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Trypanosoma cruzi, a protozoan parasite, is the causative agent of Chagas disease. It is most commonly found among people, dogs, cats, and wild mammals in Central and South America, especially in rural communities where people reside in houses constructed from mud or thatch. The vector is the reduviid or kissing bug, which lives in the cracks of buildings and substandard houses8. Often substandard housing/living conditions are shown to have these structural fractures, which provide suitable habitats for reduviid bugs. The reduviid bug transmits T. cruzi by rubbing its own contaminated feces into an abrasion (wound or bug bite) or a mucous membrane of the host. Two other modes of infection are blood transfusions/organ transplants and perinatal/vertical transfer from mother to child3. In addition, there have been reports that infections originated from undercooked food that was contaminated8.
The life cycle of T. cruzi: The vector, reduviid bug, bites and defecates on host. Parasites, in the form of trypomastigotes, are able to enter the blood via mucous membranes or a cut. During cell invasion, the trypomastigotes transform into amastigotes and undergo multiplication. Parasites are then released into the blood stream as trypomastigotes where they either spread to other tissues or are taken up by the vector to perpetuate the life cycle2.
Chagas disease exists in three stages: acute, indeterminate, and chronic.
1. The acute stage manifests shortly after infection from a bite or alternate mode of transmission and is generally found in only 1% of reported cases8. Although it is often asymptomatic, symptoms can include Romaña’s sign (one swollen eye), fever, fatigue, enlarged liver/spleen, swollen lymph nodes, rash, loss of appetite, diarrhea, and vomiting. In adults, these symptoms generally subside within 4-8 weeks and may or may not require treatment. Very young children are a concern because they may sustain severe brain damage or die as a result of infection8.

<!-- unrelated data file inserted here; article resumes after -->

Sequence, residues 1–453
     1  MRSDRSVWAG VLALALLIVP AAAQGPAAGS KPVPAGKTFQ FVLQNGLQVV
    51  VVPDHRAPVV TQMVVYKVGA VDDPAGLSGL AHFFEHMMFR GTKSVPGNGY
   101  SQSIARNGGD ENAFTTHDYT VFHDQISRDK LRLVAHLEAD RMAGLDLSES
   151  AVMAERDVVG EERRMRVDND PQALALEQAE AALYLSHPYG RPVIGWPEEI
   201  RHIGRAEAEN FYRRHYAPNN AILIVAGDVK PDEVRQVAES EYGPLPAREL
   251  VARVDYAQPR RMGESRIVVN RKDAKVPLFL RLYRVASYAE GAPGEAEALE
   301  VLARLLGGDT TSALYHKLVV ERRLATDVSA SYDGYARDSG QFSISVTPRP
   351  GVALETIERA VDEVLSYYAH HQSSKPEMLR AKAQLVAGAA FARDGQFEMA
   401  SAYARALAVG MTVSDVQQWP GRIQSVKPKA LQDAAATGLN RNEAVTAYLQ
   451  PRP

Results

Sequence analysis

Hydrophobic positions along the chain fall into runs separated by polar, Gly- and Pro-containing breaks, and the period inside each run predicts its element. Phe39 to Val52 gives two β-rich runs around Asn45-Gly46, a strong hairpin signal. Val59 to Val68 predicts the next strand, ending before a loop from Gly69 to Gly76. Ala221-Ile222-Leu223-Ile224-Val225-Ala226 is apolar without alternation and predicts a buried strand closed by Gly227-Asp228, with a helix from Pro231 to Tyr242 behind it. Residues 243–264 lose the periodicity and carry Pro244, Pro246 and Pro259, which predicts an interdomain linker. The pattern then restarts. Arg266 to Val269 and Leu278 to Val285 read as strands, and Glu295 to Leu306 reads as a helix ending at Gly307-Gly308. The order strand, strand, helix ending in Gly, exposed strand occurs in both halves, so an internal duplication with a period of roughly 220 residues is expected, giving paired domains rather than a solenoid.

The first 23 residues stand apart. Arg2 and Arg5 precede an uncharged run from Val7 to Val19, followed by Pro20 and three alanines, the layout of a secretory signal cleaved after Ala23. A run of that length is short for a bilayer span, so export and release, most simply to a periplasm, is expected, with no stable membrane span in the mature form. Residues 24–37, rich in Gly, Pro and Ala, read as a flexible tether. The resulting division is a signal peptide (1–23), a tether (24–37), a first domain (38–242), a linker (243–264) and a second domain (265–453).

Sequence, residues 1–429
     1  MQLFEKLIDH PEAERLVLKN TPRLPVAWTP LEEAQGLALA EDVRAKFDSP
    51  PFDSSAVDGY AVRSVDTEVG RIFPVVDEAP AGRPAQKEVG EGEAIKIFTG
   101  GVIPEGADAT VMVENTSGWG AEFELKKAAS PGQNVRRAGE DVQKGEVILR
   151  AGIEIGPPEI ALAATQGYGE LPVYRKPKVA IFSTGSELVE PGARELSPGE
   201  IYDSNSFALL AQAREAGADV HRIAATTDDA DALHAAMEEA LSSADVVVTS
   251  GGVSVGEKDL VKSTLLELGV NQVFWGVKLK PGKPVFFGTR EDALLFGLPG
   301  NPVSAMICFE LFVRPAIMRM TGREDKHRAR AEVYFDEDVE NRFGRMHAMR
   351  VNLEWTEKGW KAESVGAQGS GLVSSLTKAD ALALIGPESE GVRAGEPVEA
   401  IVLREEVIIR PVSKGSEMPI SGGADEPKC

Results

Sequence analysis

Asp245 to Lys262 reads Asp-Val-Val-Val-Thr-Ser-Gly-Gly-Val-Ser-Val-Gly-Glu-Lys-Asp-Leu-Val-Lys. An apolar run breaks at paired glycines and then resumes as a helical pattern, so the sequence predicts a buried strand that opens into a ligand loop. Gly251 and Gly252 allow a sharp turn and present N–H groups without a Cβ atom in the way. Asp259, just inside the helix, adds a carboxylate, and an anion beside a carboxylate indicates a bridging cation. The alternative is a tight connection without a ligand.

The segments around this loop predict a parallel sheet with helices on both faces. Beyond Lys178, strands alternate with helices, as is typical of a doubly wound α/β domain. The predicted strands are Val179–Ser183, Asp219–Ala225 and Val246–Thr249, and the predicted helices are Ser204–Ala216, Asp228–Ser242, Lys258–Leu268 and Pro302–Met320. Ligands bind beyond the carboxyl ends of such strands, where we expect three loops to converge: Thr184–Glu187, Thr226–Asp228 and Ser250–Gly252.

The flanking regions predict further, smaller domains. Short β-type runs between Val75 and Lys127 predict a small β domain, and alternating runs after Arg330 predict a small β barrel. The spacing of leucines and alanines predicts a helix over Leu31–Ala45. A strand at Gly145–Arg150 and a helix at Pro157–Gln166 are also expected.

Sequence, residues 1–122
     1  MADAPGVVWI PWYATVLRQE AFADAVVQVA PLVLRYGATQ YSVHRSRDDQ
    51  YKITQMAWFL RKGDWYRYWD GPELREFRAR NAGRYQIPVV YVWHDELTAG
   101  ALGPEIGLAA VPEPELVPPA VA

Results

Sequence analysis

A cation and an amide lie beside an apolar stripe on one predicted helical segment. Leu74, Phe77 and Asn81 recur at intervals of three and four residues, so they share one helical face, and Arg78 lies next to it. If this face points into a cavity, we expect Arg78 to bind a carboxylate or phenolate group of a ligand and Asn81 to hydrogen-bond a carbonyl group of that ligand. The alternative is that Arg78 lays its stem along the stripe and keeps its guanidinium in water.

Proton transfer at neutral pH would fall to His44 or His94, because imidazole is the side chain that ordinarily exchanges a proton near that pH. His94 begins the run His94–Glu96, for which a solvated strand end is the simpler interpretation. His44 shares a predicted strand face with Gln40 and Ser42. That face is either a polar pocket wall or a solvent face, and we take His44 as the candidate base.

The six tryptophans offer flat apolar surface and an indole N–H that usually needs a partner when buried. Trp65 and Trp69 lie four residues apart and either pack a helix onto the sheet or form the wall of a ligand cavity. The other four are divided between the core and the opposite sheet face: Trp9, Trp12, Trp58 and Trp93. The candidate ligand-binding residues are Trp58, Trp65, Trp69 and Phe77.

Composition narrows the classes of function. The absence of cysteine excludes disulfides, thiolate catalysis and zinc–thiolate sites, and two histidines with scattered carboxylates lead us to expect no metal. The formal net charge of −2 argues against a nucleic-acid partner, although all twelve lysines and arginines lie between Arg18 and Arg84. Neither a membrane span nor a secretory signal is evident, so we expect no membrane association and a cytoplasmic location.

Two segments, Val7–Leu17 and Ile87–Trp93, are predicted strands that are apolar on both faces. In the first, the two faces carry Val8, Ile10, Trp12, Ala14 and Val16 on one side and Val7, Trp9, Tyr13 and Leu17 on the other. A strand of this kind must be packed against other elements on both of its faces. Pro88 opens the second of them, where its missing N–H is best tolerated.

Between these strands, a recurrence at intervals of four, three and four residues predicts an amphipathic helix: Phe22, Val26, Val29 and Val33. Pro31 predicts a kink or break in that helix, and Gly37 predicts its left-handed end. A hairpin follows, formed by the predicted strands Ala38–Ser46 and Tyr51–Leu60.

2. The indeterminate stage may also be asymptomatic. Onset of this stage is reported about 8-10 weeks following infection and may persist for years.
3. The chronic stage is the most severe and the most common manifestation of Chagas disease. Chronic Chagas disease usually presents itself 10-40 years after infection, in about 30% of infected individuals. On average, developing this class of Chagas disease reduces life expectancy on average by 9 years8 . It is characterized by cardiac and digestive tract complications stemming from damage to the cardiac conduction system and the gastrointestinal autonomic nerve, respectively9. The cardiac conduction system creates electrical impulses that cause contractions in the heart and circulation of blood. The autonomic system is a part of the nervous system which regulates the activities of the heart, the glands, and the smooth muscles, including those of the intestinal tract10. Although there is a high rate of variation in symptoms, specific examples are heart attack/failure, and an enlargement of the esophagus or large intestine (digestive megasyndromes) 8.
If caught early (during acute or early indeterminate stages), Chagas disease is treatable and curable with benznidazole and nifurtimox chemotherapy2. Early detection and speedy treatment are the key to an effective remedy. However, early detection is difficult because the individual may initially be asymptomatic and parasitological screening tests have a high rate of false negatives with respect to T. cruzi4. With the onset of chronic stage Chagas disease, a cure is no longer possible and medical professionals will focus on managing and minimalizing the symptoms8.